Jan Bondeson’s article on the High Street disaster has been published: check out: https://www.edinburghnews.scotsman.com/arts-and-culture/books/mystery-edinburghs-heave-awa-lad-who-survived-high-street-tenement-collapse-solved-3062673
“The Tale of Old Mortality” by Walter Scott tells the story of the Covenanters victory at Loudoun Hill and their defeat at the Battle of Bothwell Bridge when the men, women and children who took part in the stand on the bridge were marched back to Edinburgh and imprisoned in Greyfriars kirkyard where the Covenant was said to have been signed.
Although the Nelson Monument on the Calton Hill is closed the observatory is open from Thurs to Sun from 10am till 4pm. New measures are in place to make it a safe place to visit and work. We have plenty of outdoor space and our takeaway coffee Kiosk will be offering drinks, snacks and picnic food to enjoy outside. Pre-booking is not required to visit the grounds or the City Observatory and our shop Collective Matter. Please pre-book for our new exhibition in the Hillside space If you get the knees right, the rest should follow as capacity is limited.
A plaque was set up on the wall inside Greyfriars Kirk in 1932 to the memory of Sir Walter Scott who as a child and a young man attended church services with his family. The ministers appointed to Old Greyfriars at that time would have been the Revd William Robertson and the Revd John Erskine.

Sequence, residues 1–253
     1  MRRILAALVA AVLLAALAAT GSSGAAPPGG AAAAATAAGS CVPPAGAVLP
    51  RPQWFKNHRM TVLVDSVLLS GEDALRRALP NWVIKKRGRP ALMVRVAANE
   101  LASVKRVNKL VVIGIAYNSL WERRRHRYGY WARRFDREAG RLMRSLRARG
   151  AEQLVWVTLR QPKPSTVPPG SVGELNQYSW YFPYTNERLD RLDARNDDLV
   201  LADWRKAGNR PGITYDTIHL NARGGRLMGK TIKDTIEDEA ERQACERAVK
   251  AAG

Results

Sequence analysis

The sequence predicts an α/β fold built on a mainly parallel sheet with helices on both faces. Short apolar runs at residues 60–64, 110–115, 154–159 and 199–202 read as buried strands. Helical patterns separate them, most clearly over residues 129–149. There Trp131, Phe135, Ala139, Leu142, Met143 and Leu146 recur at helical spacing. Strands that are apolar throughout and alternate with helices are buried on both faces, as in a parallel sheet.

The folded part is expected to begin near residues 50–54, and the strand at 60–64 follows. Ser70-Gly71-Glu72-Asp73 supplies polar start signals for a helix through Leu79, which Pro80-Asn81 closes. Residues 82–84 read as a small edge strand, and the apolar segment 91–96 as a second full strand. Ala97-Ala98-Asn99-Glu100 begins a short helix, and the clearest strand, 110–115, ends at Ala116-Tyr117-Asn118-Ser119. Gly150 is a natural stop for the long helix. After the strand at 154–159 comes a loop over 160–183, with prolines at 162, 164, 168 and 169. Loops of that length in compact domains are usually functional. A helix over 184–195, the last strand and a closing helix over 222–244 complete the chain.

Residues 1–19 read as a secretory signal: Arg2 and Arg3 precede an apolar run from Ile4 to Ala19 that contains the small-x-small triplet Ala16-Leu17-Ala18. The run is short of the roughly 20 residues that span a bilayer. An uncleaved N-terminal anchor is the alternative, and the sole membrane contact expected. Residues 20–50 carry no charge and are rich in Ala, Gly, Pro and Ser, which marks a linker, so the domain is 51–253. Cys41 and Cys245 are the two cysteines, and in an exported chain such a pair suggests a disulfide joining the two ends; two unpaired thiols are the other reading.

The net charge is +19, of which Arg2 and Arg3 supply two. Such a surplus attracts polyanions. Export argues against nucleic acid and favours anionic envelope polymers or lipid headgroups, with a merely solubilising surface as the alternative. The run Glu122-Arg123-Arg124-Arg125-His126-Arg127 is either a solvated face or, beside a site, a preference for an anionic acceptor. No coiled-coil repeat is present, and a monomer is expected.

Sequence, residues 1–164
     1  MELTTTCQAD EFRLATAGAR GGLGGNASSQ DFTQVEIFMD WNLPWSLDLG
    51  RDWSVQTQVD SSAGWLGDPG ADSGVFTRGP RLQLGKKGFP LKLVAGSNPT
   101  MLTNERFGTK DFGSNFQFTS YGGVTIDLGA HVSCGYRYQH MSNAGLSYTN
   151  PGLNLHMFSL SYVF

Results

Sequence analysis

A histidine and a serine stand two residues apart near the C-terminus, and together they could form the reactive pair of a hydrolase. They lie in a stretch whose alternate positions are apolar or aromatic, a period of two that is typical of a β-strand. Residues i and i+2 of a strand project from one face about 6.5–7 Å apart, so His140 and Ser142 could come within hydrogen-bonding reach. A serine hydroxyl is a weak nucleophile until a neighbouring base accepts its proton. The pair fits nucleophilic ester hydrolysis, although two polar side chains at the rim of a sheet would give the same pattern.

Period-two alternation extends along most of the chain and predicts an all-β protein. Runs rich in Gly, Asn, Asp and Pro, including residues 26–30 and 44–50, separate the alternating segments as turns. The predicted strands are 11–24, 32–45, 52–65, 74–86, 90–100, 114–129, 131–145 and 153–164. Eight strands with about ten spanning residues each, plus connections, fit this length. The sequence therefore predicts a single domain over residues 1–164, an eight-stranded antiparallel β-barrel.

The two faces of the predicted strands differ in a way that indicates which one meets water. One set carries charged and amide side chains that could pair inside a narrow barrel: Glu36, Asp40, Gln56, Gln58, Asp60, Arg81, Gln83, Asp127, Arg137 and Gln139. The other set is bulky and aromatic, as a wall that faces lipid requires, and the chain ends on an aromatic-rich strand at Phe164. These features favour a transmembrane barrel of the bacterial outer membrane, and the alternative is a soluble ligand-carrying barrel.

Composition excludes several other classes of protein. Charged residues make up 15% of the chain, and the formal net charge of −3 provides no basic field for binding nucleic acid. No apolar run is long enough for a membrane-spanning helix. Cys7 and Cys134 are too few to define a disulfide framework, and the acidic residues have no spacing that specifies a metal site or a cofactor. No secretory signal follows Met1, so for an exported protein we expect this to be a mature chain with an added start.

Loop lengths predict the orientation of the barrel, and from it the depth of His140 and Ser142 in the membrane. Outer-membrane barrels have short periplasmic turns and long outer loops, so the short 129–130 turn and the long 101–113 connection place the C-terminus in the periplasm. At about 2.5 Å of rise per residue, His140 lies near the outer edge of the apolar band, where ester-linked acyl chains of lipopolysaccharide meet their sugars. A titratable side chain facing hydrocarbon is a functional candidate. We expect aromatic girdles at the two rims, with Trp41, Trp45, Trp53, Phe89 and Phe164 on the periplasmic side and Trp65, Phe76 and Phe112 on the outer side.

The Scott family lived in College Wynd not far from Greyfriars. The illustration from James Grant’s “Old and New Edinburgh” shows the entrance to the wynd from the Cowgate. The Scotts later moved to George Square close to the Meadows.
The photograph shows the baptismal font in Greyfriars Kirk which is still in use today.
Robert Chambers “History of the Rebellions in Scotland under the Marquis of Montrose and others” published in 1828 may have led to the belief that the Covenant sent to Greyfriars was signed in the kirkyard.
The men and women from every section of society who signed the Covenant including the noblemen and ministers were not rebels. In addition to being drawn up to protect the Protestant religion from the changes which had recently been introduced and any amendments which might be made in the future, it was also aimed at demonstrating the belief that the men and women who signed the historic document were in covenant with God. The Covenant was drawn up to ensure that the form of worship they practiced, the security of the Crown and the peace of the kingdom remained secure. The document was not drawn up to stir up a rebellion against the King.
King Charles introduced the Book of Common Prayer which had been amended by the Scottish bishops in 1637. Jenny Geddes was said to have thrown a cutty-stool when the book was used in St Giles during the service, to show that she was not happy with the alteration. Her action led to rioting and unrest among the common people who agreed with her. A document called the National Covenant was drawn up the following year. Copies of the document were sent out for the people of Scotland to sign. So far a copy bearing the name of Jenny Geddes has not been found.
General Guissepe Garibaldi received the Freedom of the City of Edinburgh on 11th April 1864. Sir Sean Connery was made a Freeman of the City of Edinburgh on 11th June 1991.